Antifa pose challenges for police and counter-protesters alike

  • August 24, 2017
Antifa in Charlottesville

Over the past several months, in Boston, Charlottesville, Berkeley, and beyond, many thousands of peaceful counter-protesters have taken to the streets to speak out against the hateful ideology of white supremacists and other bigots. Among those counter-protesters, a small number of antifa, or “anti-fascists,” have encouraged -- and sometimes actively engaged in -- violence.

The antifa concept originated in Europe in the 1960s and 1970s. The idea behind it was the notion that Hitler would never have been able to come to power if people had stood up to his thugs on the streets in his early years. Whether that counterfactual is true or not, the rationale and the movement made their way to North America in the late ‘70s. 

Today's antifa activists specialize in directly confronting groups, especially white supremacists, that they believe are promoting fascism in the United States. They also engage in “doxxing” efforts, exposing their adversaries’ identities, addresses, jobs and other private information. This can lead to their opponents being harassed or losing their jobs, among other consequences.

Antifa is not the mirror image of white supremacy. While some of the antifa's methods are extremely objectionable, their stated goals -- to confront and combat racism, anti-Semitism and bigotry— are not. White supremacists' goals, on the other hand, are indefensible.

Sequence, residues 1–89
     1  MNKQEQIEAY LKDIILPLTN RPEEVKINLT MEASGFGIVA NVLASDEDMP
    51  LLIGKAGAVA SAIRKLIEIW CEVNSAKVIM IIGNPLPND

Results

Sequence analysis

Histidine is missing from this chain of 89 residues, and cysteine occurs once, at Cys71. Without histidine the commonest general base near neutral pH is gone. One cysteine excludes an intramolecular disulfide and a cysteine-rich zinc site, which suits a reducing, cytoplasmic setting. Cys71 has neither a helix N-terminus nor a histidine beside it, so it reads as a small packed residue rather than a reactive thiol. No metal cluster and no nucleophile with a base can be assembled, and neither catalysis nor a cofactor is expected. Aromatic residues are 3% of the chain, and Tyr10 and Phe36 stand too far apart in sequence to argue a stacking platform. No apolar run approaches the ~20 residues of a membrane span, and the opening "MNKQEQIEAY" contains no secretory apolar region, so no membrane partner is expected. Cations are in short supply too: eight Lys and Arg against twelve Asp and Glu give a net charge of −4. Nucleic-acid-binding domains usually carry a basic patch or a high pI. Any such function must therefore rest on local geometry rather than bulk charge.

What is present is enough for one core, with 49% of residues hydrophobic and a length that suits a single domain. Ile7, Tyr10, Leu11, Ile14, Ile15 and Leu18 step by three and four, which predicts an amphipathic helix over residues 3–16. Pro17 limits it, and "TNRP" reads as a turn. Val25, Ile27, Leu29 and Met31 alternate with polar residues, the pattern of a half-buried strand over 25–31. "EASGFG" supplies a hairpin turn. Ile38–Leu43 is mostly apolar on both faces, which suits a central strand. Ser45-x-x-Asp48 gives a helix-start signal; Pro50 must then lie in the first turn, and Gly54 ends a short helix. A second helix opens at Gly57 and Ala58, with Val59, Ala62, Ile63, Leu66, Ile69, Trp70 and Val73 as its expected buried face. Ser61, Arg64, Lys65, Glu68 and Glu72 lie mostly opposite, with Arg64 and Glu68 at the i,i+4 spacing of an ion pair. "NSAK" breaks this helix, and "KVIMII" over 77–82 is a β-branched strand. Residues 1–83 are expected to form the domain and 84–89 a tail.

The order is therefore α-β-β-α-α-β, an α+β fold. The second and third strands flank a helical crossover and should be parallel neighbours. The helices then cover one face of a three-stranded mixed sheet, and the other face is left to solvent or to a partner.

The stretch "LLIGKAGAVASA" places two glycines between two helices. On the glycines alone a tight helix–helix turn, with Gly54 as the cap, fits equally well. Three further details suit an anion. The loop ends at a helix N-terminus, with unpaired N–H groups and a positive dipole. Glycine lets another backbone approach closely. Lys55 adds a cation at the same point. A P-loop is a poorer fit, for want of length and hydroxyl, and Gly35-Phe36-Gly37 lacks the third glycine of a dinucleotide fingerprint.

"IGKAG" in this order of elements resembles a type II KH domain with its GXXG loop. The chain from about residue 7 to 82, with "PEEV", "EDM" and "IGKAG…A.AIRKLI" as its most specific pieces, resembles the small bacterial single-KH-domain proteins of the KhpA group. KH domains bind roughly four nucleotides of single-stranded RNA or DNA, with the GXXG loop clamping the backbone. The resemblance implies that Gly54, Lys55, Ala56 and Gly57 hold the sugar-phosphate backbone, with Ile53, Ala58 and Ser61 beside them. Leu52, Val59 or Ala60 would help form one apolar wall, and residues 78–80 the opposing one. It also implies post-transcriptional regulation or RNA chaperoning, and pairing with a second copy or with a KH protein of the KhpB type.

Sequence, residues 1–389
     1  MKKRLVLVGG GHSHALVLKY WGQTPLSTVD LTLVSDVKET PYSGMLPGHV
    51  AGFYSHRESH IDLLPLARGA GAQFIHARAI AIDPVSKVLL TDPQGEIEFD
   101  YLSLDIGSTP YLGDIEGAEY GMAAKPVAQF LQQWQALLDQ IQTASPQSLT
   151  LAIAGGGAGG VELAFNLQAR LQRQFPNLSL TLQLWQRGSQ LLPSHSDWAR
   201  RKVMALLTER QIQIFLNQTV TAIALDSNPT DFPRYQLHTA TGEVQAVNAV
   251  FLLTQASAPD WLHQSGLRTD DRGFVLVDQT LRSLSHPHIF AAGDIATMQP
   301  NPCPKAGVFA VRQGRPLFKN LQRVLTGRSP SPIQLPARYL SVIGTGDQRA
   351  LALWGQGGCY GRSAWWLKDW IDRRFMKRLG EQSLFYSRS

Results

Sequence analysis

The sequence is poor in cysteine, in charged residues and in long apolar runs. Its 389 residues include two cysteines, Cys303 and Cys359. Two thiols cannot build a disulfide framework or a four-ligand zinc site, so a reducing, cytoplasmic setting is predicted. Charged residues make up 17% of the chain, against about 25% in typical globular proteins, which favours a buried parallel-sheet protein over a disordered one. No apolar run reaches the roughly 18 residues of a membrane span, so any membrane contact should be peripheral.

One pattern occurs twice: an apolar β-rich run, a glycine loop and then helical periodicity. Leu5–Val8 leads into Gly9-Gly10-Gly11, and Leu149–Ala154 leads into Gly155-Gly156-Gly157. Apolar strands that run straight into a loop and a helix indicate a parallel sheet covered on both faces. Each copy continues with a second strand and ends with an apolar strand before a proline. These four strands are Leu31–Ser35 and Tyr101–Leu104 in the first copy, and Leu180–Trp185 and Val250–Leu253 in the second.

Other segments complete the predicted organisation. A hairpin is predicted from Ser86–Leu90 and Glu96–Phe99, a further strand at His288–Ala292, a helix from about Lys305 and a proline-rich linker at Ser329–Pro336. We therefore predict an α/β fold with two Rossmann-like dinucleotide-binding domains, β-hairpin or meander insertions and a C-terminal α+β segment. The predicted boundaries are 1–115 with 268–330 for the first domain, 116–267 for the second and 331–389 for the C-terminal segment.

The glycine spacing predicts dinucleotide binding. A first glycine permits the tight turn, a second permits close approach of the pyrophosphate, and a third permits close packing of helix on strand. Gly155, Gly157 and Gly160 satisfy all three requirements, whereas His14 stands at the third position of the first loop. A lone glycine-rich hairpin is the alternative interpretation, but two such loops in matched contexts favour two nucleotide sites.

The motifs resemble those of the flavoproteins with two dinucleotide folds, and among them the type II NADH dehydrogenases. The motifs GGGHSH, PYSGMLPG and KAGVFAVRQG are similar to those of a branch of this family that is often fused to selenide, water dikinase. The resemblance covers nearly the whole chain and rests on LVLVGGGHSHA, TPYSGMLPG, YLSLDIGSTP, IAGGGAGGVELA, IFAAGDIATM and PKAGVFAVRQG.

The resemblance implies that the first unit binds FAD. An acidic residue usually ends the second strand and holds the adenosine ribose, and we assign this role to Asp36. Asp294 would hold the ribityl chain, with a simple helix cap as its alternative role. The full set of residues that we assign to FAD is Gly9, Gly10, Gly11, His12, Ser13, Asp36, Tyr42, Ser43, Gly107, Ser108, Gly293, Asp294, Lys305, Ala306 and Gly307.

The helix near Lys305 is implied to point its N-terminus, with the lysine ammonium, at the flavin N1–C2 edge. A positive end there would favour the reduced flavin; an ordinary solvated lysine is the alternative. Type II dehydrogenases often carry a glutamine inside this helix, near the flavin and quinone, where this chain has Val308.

That said, antifa can create problems of their own. They are often disruptive and confrontational, which can create challenges for law enforcement trying to keep the peace between opposing factions. Their activities can inflame the passions of their ideological opponents and attract new activists to the causes they oppose. They allow white supremacists to portray themselves as free speech martyrs, and to justify their own violence as a defense against antifa.

Antifa can also present a challenge for peaceful counter-protesters, who may find themselves drowned out by or even “lumped in” with the much smaller contingent of antifa radicals.

Because some antifa activists believe that President Trump and his administration have connections to racism and bigotry, they have also protested Trump-related events in recent months. In response, some on the political right have labeled antifa as “domestic terrorists.” However, it should be noted that no murders in the US have ever been attributed to antifa. By contrast, white supremacists and other right-wing extremists have murdered hundreds of people in the U.S. in the last ten years alone.

ADL recommends that all who oppose white supremacy and extremism stage counter-protests or unity rallies at a different location from extremist protests. Avoiding confrontation or debate with extremists is the surest way to starve them of the media attention they so desperately want --while ensuring everyone's safety.